To be effective, the new outfit should develop a secure Enetwork connecting the apex agency to all district headquarters and police stations. It should be linked to the agency’s data mining centre where terrorist information from police station to the highest in the agency is inputed according to availability and retrieved according to needs; with adequate safety features like firewalls. The agency should have stateof-the-art infrastructure to collect technical and cyber intelligence, break codes, analyze terror documents, carry out surveillance and jam terrorist communications. Specialized counter-terrorist force, like the NSG, should be brought under the control of the agency for undertaking intelligence-driven operations. Commandos should be constantly updated on emerging trends, techniques, weapons and modus operandi of terrorists. They are not robots and their mental tuning is a must for optimal results.
The ideal arrangement would be to have a director general, counter terrorism, who is ex-officio special director of the Intelligence Bureau with all counter-terrorist work, multi agency centre and joint task force on intelligence centralized under his control. Being part of the IB, the outfit will overnight acquire communication linkage, intelligence reach, logistic and technical support, connectivity with local police and administration not only in every district but remotest border areas. This will bring the whole country under a unified counter terrorist grid with no extra cost or time involved.Due to various sensitivities involved, no intelligence agency can transfer its entire data to a non-intelligence agency. If the director general of counter terrorism is made part of the IB, he can have total access to the intelligence data, will also be able to leverage vast technical capabilities of national intelligence agencies both for intelligence and to keep the counter-terrorist force at its technical best.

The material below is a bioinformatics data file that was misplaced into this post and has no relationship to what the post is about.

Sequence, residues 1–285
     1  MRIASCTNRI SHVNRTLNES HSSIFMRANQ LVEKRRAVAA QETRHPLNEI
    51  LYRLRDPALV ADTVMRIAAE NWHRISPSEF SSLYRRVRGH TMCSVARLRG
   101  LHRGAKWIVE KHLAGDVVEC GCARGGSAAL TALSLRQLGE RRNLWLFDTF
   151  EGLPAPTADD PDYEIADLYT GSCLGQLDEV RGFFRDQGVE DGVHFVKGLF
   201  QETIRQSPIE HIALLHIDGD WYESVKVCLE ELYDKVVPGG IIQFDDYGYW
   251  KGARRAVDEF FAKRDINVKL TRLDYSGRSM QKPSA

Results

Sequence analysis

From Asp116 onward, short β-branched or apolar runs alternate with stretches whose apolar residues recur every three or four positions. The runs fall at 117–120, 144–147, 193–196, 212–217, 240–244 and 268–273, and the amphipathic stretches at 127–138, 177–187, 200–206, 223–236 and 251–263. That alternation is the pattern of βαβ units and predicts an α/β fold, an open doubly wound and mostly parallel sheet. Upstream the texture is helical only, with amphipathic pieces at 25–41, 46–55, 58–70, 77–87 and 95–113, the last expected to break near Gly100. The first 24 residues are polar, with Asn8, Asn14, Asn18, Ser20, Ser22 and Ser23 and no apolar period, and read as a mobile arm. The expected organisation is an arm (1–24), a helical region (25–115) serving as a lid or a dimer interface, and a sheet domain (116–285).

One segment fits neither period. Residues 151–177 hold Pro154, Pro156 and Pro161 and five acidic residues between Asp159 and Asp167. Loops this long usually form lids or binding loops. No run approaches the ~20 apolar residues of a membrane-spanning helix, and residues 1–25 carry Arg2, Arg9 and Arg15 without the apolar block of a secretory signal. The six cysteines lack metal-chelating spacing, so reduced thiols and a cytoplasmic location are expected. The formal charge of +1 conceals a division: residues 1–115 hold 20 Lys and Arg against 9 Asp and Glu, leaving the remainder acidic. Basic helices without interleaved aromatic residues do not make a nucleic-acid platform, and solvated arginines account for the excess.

The director general should enjoy total autonomy and should be the only person empowered to undertake counter terrorist actions. To enable him to control, train, equip and motivate men for special counterterrorist actions, the NSG should be brought under his command. The DG should also be empowered to maintain liaison with friendly security and counter-terrorist agencies, as when handled by those who know little about terrorism, the loss in content and time is unaffordable. This will also help the DG to keep abreast of latest techniques, technologies, equipment and weapons that have proved effective against terrorists, and take initiatives to keep his armed wing best trained and equipped. Fourth generation warfare needs people who can change fast, think fast and act fast in this battle. It’s not the bravest but the smartest that takes the trophy.
None of the steps suggested encroaches on the power of states. It also does not require any amendments to laws and can be achieved within executive powers of the government.
With what is happening in Pakistan, Afghanistan and within our country, we may be in for much greater shocks than the Mumbai strike and we are not prepared for it. We think the latest was the last but the worst is probably yet to come. Today, there is mood for change in the nation but it may have a short shelf life. The consensus on response to terrorism is an opportunity to be seized.